1. Launch your browser and type 192.168.1.1, which is usually the default IP address. D-Link and Netgear routers have 192.168.0.1 as the default IP address.
  2. Once inside Settings, change all the values to match your main router. These include the channel, the Wireless mode, and the security mode. The SSID can be different so it’s easier for you to distinguish between the two routers.

Step 4

  1. Navigate to Advanced Routing under Setup and switch to Router Mode. Some routers might have the mode labeled as NAT, and you have to disable it in that case.
  2. You also need to disable the DHCP Server because your main router assigns IP addresses to the connected devices.
  3. Afterward, you need to change the IP address of the second router to any free address. For example, if the IP address on your main router is 192.168.30.1, assign 192.168.30.2 to the second router.
  4. Don’t forget that the routers need to have the same Subnet mask. Once you are done, hit Save and exit the browser.

Benefits and Downsides of Connecting Routers

As said, the second router increases the wireless range, and you can even daisy-chain a few routers using the same method. But you should know that your internet speed might suffer, especially if you have only one outbound connection.

At the same time, two routers on the same network allow you to access all your shared files throughout the network. You can move, copy, and paste files, or play music, movies, and pictures on any computer or mobile device that’s connected.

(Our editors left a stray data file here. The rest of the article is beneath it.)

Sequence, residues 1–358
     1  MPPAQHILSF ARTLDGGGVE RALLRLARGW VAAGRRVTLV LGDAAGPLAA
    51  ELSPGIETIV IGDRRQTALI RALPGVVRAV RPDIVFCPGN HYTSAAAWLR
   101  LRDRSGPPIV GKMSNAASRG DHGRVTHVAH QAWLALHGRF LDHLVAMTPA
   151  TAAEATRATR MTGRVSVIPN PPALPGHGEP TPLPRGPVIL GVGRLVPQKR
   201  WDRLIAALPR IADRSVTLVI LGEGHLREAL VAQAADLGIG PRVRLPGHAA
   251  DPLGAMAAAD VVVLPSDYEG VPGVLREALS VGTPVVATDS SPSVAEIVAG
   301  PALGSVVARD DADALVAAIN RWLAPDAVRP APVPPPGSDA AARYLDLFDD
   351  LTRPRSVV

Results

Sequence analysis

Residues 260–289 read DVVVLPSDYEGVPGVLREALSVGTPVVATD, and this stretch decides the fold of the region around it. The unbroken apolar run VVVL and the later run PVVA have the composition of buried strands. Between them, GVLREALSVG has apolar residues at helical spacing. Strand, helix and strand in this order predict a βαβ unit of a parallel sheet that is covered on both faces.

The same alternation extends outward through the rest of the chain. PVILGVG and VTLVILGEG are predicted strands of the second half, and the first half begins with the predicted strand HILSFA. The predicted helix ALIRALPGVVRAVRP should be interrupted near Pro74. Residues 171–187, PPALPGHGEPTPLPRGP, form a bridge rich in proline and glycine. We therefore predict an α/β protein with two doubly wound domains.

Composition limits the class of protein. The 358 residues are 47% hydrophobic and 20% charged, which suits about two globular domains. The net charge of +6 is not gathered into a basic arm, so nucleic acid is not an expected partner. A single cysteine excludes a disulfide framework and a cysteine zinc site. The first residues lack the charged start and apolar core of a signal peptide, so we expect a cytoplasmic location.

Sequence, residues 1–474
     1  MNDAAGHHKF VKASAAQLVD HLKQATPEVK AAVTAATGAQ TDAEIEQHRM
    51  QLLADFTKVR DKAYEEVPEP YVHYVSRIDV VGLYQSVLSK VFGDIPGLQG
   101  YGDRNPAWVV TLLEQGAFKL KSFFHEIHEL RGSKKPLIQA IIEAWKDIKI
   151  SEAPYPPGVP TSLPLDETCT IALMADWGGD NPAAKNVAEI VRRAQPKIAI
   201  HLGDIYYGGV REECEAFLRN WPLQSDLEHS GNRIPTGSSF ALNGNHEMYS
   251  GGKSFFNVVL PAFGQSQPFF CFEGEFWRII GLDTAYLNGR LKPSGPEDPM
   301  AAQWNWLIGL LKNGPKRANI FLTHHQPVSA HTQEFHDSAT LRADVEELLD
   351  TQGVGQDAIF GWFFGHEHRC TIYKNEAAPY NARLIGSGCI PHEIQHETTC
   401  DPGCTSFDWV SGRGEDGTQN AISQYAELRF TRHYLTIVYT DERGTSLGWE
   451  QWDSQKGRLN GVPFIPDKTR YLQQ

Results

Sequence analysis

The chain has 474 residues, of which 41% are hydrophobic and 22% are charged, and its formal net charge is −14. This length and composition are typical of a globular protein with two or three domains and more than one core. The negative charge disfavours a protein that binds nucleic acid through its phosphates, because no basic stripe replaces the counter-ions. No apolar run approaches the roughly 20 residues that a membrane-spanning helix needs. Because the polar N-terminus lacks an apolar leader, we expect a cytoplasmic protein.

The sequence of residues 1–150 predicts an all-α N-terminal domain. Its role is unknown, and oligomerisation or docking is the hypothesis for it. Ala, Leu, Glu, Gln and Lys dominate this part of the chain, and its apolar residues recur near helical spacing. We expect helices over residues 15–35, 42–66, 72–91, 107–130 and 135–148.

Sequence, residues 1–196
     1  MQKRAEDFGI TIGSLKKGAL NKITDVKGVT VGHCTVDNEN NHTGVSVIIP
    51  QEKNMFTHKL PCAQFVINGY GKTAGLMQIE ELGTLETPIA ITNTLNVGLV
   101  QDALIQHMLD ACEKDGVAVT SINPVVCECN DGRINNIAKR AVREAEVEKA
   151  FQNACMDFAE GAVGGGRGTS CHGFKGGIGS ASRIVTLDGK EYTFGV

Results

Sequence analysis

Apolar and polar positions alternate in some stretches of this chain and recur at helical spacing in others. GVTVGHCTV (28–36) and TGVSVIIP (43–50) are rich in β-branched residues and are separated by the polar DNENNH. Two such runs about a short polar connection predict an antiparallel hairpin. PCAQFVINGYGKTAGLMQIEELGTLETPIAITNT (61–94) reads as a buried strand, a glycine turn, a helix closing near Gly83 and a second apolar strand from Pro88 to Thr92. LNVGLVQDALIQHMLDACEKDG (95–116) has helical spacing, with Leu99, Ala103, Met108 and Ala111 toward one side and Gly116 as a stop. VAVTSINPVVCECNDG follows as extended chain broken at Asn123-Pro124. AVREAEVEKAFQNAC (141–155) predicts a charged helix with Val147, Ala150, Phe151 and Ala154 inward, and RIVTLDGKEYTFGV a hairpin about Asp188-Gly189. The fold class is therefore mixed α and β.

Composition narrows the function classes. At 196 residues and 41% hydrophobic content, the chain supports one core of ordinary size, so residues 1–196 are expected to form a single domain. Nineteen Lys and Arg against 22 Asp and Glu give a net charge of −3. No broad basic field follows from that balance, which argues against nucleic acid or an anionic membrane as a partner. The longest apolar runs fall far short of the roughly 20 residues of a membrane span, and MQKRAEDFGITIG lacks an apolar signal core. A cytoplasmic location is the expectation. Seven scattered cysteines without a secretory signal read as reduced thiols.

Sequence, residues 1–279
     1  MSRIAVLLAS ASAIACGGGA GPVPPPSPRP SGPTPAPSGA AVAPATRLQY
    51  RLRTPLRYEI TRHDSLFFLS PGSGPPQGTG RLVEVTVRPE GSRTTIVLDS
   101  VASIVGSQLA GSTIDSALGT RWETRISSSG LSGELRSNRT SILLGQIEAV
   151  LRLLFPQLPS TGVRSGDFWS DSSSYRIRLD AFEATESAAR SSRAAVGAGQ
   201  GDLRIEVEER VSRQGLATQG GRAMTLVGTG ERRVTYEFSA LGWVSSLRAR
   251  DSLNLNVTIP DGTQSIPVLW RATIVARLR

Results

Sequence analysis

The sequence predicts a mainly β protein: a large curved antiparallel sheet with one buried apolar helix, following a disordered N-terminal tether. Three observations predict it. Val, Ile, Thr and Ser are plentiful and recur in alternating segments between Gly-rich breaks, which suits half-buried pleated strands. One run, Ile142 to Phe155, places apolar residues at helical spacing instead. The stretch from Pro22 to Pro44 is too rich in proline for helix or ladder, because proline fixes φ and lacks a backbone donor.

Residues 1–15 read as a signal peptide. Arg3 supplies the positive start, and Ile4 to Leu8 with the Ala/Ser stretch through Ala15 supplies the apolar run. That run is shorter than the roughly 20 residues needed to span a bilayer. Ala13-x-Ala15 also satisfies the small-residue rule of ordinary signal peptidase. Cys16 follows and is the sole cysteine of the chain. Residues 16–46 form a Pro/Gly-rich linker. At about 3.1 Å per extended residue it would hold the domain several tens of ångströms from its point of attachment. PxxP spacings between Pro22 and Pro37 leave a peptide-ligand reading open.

However, file sharing comes with some security concerns. Anyone who has access to your wireless network can access the files as well. More connected devices translate to more security risks, which is why it’s important to install antivirus software.

Extending the Wireless Range

You don’t have to be super tech-savvy to add a second router to your wireless network. Also, if you have an old router, you can always repurpose it to get a better Wi-Fi reach.

But remember that this affects the strength of your Wi-Fi signal. This shouldn’t be too much of a problem, though, unless you are using streaming services and other Wi-Fi intensive apps.

7 thoughts on “How To Add a Second Router to Your Wireless Network”

John Gault says:
Thank moron…you should have started out with the bit about connecting them with a cable. No cable is the main reason for having wifi!
Mark Webber says:
This way I couldn’t get devices to communicate through the second router. Best to not take this advice.
Joe says:
Not sure if this Arris router, now a secondary router, had this message before or not… SYNC Timing Synchronization failure – Failed to acquire QAM/QPSK symbol timing;;CM-MAC=04:4e:5a:3e:cd:09;CMTS-MAC=00:00:00:00:00:00;CM-QOS=1.0;CM-VER=3.0;
I installed a Netgear Modem, TP-Link router and had to set up the Arris again as my Carrier Infinity thermostat wouldn’t connect to the TP router. In doing so I checked the log and see this message on the Arris, but not the main TP router. Any thoughts???
Michael Robledo says:
If you plug the internet IN connection to the Internet port of Router 2 then plug one of the LAN ports into a PC you can then access Router 2 with the IP address. Your PC will hit Router 2 first.
gio says:
step 3 does not work, because 192.168.1.1 is the address of the main router, not the second, even when connected with a ethernet cable to the first router…
mariano says:
Exactly my thoughts.
santhosh says:
I can’t access the files in the computer connected to the router 1 from phone connected to the router 2. It shows authentication error
Abdul-Aziz AlSobky says:
The “bandwidth control” option in my second router exist only in the “wireless router” mode, it disappears in “access point”mode, and I need it
So, can I connect the second router to the first and set it up as a wireless router?, or it will conflict with the first ?